Concepts and measurement skills in labs: thoughts from #AAPTSM14


It’s Day 2 at #AAPTSM14 and I’ve had some down time catching up with conference attendees at the Starbucks near the conference centre so thought I’d reflect on the excitement so far. I kicked off the conference with a workshop by Eugenia Etkina and David Brookes about the Investigative Science Learning Environment (ISLE). It was a wonderful, productive, and informative workshop that really got me thinking about the goals of hands-on experiments in learning physics. In particular, it has made me think very deeply about the balance between teaching physics concepts and teaching measurement and uncertainty. Here is my internal debate so far, on which I would appreciate some other perspectives.

Our approach to labs has been that in order for students to extract physical concepts from physical measurements, students require a deep understanding of measurement and uncertainty. Developing fundamental experimentation and data handling skills sets students up to succeed in higher level labs where they can discover cool physics concepts from more complicated experiments.

ISLE labs, in contrast, give students an opportunity to discover physical concepts through direct observation of physical phenomena, dealing with the limitations, assumptions, and iterations that go into measurement. The deep conceptual understanding of how physical models evolve from measurement and observation sets students up to think about the statistical elements of measurement in those and future labs.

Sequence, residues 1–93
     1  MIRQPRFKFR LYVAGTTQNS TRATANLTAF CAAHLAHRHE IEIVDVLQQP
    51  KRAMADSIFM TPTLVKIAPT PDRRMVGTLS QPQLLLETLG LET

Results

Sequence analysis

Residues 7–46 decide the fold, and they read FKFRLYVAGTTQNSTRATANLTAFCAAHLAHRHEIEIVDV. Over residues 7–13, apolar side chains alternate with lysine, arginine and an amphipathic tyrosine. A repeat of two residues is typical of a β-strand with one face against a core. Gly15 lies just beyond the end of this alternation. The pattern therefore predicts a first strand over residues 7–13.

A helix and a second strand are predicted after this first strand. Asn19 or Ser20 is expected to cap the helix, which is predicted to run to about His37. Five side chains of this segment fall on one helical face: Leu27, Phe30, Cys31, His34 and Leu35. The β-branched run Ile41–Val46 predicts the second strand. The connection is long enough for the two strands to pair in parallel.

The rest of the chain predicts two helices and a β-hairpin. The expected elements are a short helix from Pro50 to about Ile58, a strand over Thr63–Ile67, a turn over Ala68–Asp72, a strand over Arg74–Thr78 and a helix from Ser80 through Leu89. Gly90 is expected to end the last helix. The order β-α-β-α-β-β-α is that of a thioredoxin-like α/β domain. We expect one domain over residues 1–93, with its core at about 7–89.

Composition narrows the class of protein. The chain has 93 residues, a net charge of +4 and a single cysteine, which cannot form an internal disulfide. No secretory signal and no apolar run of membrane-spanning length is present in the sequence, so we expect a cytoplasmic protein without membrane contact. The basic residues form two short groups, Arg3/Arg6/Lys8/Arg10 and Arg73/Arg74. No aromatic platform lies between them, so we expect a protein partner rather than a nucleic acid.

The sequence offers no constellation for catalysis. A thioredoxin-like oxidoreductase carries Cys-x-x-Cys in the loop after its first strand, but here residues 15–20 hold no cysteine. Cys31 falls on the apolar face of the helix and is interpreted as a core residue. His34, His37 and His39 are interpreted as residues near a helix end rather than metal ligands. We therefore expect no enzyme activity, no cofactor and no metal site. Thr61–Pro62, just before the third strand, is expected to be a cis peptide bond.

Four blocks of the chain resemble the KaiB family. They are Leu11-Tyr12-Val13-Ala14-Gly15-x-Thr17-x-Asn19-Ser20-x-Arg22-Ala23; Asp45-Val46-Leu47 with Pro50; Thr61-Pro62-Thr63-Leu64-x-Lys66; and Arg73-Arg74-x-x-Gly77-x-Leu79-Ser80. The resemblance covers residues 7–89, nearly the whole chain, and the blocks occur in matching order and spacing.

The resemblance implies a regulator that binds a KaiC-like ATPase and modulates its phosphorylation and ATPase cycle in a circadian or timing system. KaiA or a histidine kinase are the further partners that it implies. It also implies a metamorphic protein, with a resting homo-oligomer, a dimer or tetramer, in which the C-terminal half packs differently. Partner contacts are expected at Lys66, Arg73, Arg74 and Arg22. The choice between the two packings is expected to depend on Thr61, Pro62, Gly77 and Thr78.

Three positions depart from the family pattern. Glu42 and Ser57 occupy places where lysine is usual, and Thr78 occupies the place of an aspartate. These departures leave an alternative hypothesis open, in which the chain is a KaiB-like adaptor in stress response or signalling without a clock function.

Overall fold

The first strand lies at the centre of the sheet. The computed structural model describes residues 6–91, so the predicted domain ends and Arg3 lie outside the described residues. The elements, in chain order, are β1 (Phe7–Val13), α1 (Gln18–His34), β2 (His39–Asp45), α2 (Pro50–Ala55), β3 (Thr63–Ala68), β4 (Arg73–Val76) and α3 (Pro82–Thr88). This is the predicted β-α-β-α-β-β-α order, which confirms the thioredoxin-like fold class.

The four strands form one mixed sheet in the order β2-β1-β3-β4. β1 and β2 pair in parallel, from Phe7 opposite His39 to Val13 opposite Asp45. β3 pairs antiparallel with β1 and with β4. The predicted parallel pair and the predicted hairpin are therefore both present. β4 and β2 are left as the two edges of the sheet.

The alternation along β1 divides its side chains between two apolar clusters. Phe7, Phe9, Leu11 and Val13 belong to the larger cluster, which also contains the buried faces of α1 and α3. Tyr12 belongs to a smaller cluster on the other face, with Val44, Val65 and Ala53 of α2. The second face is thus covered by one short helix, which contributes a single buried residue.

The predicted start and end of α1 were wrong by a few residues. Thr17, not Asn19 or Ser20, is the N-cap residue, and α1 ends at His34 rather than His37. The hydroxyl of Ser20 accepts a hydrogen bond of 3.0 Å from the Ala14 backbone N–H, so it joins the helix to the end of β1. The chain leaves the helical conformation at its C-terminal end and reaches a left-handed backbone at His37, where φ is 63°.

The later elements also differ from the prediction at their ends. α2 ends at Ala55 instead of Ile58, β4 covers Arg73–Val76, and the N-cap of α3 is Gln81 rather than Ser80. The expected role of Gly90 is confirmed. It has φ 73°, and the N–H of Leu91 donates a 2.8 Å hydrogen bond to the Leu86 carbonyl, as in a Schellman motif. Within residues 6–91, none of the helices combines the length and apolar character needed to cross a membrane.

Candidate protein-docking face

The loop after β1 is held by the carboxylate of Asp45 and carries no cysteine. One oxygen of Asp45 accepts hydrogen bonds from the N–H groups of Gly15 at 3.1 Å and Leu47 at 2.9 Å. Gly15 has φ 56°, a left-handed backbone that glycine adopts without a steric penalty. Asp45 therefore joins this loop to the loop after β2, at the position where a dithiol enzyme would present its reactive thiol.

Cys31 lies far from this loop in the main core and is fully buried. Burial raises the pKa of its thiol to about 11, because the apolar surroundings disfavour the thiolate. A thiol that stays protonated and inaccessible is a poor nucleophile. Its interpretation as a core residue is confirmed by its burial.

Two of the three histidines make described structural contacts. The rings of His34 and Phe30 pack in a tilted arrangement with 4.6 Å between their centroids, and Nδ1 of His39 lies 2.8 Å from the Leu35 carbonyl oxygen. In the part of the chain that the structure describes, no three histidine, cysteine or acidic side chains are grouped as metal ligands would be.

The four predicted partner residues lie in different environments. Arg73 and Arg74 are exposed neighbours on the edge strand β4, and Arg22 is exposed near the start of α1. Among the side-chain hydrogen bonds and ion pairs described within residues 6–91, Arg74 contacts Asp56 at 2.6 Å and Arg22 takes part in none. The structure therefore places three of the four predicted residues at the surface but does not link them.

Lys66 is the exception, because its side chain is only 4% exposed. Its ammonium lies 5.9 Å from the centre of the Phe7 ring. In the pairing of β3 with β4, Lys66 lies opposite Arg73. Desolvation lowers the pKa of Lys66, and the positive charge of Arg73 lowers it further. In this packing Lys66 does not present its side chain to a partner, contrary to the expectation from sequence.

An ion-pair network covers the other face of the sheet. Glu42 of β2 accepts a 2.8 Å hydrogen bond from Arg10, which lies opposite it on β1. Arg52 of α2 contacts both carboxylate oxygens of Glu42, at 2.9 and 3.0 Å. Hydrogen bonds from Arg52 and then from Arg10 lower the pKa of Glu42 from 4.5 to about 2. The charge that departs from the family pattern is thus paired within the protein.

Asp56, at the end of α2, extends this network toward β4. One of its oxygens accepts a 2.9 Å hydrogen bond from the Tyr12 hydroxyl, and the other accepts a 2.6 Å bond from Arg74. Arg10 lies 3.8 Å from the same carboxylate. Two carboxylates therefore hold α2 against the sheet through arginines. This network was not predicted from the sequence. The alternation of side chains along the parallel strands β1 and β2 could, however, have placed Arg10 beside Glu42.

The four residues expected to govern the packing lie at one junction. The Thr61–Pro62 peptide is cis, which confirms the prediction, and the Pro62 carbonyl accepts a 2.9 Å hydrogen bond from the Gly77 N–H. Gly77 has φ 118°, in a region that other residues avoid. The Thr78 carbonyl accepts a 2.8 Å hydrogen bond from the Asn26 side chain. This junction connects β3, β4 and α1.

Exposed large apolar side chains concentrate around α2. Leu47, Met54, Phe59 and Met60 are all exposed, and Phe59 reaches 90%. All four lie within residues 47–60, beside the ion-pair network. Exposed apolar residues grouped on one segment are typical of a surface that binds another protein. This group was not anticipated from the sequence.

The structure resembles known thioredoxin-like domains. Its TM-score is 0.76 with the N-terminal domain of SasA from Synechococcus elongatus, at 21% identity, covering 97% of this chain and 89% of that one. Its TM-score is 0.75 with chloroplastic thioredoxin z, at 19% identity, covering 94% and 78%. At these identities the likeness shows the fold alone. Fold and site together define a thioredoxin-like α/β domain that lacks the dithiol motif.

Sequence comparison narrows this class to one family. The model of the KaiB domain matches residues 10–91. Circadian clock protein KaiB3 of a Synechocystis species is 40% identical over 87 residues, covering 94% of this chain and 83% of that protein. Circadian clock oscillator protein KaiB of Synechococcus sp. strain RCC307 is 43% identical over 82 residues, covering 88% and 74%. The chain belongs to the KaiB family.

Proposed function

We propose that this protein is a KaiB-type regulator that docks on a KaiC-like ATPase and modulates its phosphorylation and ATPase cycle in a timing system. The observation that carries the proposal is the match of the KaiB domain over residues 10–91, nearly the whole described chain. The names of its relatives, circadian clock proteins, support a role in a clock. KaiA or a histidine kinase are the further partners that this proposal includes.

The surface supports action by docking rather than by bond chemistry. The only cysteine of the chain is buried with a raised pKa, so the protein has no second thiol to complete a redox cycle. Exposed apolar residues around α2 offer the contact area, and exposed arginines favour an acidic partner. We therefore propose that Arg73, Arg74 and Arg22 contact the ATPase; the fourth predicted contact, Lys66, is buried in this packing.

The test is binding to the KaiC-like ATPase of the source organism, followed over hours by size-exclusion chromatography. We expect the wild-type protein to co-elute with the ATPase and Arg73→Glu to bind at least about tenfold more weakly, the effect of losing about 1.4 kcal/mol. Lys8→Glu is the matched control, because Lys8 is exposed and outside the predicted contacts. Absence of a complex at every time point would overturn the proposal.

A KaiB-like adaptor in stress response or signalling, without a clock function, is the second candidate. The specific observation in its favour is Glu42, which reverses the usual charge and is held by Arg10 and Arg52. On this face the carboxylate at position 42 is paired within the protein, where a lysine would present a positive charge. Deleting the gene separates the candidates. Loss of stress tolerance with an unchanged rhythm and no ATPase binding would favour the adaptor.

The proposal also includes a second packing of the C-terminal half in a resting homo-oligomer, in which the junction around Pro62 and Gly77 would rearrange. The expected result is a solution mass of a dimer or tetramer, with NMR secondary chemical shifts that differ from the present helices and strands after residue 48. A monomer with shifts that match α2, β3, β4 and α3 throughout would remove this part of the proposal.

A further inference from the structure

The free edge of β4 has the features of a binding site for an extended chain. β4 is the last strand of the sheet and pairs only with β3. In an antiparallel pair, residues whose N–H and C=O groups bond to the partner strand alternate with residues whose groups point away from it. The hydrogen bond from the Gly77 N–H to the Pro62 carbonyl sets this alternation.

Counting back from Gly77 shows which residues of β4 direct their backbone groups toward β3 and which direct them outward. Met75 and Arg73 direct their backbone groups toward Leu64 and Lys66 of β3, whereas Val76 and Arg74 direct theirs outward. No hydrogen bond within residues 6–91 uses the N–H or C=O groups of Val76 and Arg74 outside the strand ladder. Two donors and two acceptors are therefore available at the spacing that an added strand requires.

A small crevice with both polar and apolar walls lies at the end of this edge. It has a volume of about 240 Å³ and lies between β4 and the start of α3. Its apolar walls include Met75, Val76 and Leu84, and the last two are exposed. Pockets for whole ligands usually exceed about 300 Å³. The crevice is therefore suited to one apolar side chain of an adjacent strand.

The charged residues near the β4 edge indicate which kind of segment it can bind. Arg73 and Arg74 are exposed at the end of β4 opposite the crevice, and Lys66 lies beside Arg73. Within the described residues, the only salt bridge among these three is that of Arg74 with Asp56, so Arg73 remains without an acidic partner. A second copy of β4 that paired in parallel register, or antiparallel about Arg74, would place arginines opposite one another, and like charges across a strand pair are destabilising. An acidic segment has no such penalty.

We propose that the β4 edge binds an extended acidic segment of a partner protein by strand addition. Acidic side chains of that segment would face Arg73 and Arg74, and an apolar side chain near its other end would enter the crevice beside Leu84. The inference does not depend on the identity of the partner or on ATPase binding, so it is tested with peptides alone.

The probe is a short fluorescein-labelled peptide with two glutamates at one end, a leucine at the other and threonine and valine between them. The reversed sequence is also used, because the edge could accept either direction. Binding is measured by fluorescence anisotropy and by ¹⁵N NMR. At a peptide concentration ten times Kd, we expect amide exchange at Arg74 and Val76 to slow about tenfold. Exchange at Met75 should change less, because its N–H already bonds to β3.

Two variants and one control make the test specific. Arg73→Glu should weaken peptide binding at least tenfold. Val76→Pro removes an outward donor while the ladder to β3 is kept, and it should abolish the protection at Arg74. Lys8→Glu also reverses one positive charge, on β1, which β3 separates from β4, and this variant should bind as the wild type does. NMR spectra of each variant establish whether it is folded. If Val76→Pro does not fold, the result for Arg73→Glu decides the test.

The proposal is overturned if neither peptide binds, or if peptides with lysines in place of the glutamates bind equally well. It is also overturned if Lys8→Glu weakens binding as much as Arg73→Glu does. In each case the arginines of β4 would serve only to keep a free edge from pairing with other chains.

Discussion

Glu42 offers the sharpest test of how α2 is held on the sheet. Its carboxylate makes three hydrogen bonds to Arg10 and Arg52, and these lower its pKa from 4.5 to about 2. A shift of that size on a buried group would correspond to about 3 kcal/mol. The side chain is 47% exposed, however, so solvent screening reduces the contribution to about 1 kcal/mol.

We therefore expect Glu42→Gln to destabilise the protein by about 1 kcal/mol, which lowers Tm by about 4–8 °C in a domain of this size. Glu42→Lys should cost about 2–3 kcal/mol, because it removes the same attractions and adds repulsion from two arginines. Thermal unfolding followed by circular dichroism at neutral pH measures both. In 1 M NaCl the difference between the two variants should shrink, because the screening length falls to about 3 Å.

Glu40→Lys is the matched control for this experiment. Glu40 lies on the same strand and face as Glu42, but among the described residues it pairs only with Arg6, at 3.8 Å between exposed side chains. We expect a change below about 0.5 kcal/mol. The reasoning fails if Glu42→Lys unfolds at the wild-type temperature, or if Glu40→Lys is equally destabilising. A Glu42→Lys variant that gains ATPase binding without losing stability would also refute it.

In my mind, I have (probably inappropriately) put these two approaches on a dichotomous scale of focusing on measurement versus concepts. This is clearly not fair since both approaches actually tackle both, though I *think* it’s fair to say that the primary focus is on each extreme. At least, for our labs, while students focus on improving the quality of their measurement they begin to extract the physical concepts, especially the limitations and assumptions that go into the theoretical models they may or may not have seen before. We do not, however, require that they extract the physical concepts or assess them on that ability. We do require and assess that they take good quality data, reflect on their data, and iterate to improve.

What I am currently trying to balance is the order in which these should be developed. Surely it would be better to do both, but is there time to do both in a typical introductory physics course? We take about 18 full 3-hour labs to develop the experimental skills we care about, with no connection to the lectures or tutorials (aka recitations). I’m beginning to develop a sense that a studio physics approach could do both, but in a course where the labs are distinct from the lecture, something’s gotta give.

I’m looking forward to lots more lab discussion this week, especially with a very full poster session Monday night and an action-packed Experimental Skills presentation session Tuesday morning (yes, I’ll be presenting at both :p)! I’ll try to add follow-up blog posts as I get feedback and ideas from the super amazing researchers and educators here in Minneapolis this week.